Album Reviews

Music You Don't Know You Like Yet


Promised Land


Nick's Picks: 01 Promised Land; 06 Belle; 13 Just For Tonight; 14 We Will Be Reborn.

FCC ALERT: As sweet as the chords on this cd.

Review by Steven "Nick" Nickelson of Gina ForsythPromised Land :

Balladeer – look up the definition, and I imagine you will find a reference to Gina Forsyth. The title cut (“Promised Land”) is so pure and simple, with a depth of feeling emitted by the singer and fellow musicians, that I would swear that she has to be of Irish descent. Her style of writing and performing are very minimalist, but her songwriting and performing really reach down into the listener's inner core to resonate with the primal chords of humanity 's basic needs. Her a capella performance on the second cut (“Lord Have Mercy”) is a prime example of that – no instrument, just simple truths put to music. As a folksinger, her politics seem to target no particular party; instead, her gentle tongue-in-cheek seems aimed at human greed and big business, with a dollop of humor to offset the sad truth of her lyrics (“4th of July”, “Christmas In China”). I am impressed by Gina's mastery of chords, and the way she can “speak” her songs with a rich chord arrangement for carrying the message (“Sweet & Sunny South”) - again with a musical minimalist approach, which works well for her. The next cut on the cd could have all kinds of curse words, but since I don't know cajun, I just have to accept the beauty of the song (“Belle”). I suspect that Gina did her share of busking, because some songs seemed designed to be performed by a single performer – perhaps two (“What I Did On Mardi Gras Day”). Having survived the Katrina disaster, Gina can turn a tragedy into a whimsical commentary on the post-Katrina rash of copper thefts.(“Copper Rooster”). For her sophomore release, this is a melodious and well-written cd. Don't be misled by the relative “newness” of the recording, it does represent many years of learning, playing, and writing. It's a pleasure to listen to a release where the artist actually took time to put out honest, well-written and heartfelt music (eg. “11 Days”, “Just For Tonight”), and not waste the listener's time with fluff or filler. And that's my two nickels' worth........................Nick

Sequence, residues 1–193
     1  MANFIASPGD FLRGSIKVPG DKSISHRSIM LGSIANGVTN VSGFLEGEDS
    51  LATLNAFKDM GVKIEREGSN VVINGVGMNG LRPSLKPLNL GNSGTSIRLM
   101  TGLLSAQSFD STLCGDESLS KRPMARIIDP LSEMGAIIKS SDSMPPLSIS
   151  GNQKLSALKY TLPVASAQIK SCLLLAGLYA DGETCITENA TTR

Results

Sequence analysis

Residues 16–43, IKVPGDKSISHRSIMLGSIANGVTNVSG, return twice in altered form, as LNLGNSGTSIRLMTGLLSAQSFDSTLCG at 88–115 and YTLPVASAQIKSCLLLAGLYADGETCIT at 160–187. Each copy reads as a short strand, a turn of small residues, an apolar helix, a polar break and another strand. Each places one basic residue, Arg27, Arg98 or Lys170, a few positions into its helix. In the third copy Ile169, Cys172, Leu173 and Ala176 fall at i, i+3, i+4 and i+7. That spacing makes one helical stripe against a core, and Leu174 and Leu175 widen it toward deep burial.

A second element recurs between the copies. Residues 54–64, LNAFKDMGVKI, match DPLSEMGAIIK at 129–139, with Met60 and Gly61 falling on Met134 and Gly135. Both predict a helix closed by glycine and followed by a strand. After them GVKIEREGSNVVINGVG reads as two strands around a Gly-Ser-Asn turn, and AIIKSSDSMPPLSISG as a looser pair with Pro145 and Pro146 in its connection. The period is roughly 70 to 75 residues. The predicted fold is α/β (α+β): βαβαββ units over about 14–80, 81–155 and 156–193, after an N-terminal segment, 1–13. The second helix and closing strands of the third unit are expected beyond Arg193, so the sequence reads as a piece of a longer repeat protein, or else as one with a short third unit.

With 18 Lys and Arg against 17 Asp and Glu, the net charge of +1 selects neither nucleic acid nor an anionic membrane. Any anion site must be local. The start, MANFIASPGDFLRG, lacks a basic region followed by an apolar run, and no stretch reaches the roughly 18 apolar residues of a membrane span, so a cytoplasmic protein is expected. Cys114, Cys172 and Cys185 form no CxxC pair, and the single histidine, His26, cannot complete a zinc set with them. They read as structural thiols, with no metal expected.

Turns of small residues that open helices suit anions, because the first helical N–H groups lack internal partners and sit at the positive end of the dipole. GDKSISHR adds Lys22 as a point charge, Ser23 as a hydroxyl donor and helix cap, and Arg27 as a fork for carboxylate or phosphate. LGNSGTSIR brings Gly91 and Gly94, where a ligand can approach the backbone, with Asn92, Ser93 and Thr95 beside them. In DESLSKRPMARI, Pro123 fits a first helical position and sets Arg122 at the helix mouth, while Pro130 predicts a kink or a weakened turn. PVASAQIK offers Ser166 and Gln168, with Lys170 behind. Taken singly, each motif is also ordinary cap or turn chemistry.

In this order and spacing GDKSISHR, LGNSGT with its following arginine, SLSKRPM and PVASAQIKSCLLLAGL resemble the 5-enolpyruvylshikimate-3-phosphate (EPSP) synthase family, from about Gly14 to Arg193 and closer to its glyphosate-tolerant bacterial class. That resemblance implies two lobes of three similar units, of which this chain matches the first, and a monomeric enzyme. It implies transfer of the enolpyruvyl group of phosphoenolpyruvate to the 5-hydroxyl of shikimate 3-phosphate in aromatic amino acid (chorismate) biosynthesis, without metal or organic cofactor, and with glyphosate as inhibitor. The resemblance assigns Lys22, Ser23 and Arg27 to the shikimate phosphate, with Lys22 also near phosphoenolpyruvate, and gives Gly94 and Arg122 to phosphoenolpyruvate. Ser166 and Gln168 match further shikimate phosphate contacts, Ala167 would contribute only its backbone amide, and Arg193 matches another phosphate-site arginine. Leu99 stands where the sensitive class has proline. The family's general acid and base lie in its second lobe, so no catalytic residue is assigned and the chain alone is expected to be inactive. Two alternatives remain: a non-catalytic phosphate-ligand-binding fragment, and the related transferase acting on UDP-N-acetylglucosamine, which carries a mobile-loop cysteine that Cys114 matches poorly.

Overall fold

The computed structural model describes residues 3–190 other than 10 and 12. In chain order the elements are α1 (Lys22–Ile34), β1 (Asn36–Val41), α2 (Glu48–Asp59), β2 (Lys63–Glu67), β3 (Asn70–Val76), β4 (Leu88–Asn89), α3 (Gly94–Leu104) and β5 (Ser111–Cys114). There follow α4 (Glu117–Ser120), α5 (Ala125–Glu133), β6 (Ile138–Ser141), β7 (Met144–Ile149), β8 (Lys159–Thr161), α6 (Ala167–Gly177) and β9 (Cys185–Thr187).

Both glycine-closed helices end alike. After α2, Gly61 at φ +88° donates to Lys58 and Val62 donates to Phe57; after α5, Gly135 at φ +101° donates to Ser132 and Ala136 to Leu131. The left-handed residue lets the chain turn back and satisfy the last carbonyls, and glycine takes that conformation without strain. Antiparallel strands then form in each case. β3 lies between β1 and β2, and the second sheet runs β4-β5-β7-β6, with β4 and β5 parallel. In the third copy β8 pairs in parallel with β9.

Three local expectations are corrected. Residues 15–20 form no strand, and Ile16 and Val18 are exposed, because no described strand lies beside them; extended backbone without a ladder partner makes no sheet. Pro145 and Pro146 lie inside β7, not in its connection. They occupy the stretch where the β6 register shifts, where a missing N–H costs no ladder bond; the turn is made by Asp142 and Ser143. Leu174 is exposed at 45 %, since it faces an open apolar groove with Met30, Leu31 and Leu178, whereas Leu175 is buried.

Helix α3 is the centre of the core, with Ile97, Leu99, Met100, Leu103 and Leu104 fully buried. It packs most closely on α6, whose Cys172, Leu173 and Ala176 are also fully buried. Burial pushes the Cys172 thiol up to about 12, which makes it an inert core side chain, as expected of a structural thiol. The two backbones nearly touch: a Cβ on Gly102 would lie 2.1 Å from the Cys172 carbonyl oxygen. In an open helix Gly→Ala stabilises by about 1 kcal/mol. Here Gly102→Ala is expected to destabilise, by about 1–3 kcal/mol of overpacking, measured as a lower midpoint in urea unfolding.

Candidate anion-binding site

Born in Florida and raised in Alabama, Forsyth first came to New Orleans in 1983 to study music at Loyola University; her classmates included keyboardist John “Papa” Gros and trombonist Mark Mullins. As she worked toward a degree in classical violin performance, she commuted to Lafayette on weekends to gig with Sheryl Cormier’s Cajun band. The music, related to but different from the traditional fiddle tunes she already knew, enticed her.“I heard it, and thought it was easy,” Forsyth said. “Then I had to immerse myself in it to play it well. I fell in love with it.” After graduating in 1987, she moved briefly to Lafayette to continue her real-world studies of the indigenous music of south Louisiana. This is her second album.

The Musicians:

・ Gina Forsyth – songwriter,(except 6 – traditional), fiddle, vocals, acoustic guitar

・ Chris Polacheck – electric bass

・ Stephen Randall – percussion

・ Jim Markway – upright bass

・ Mike Barras – drums, percussion

・ Jonno Frishberg – triple-row and cajun accordion

・ Mike West – banjo

The Songs:

1. Promised Land

2. Lord Have Mercy

3. 4th of July

4. Christmas In China

5. Sweet & Sunny South

6. Belle

7. Sparrows

8. What I Did On Mardi Gras Day

9. Copper Rooster

10. Elegy

11. Just Like Eddie

12. 11 Days

13. Just For Tonight

14. We Will Be Reborn

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Compiled by the WYCE Journalism Club

The opinions expressed in these reviews are those of the individual volunteers that submitted the article and do not necessarily reflect the views of WYCE or GRCMC; nor its staff, donors, or affiliates.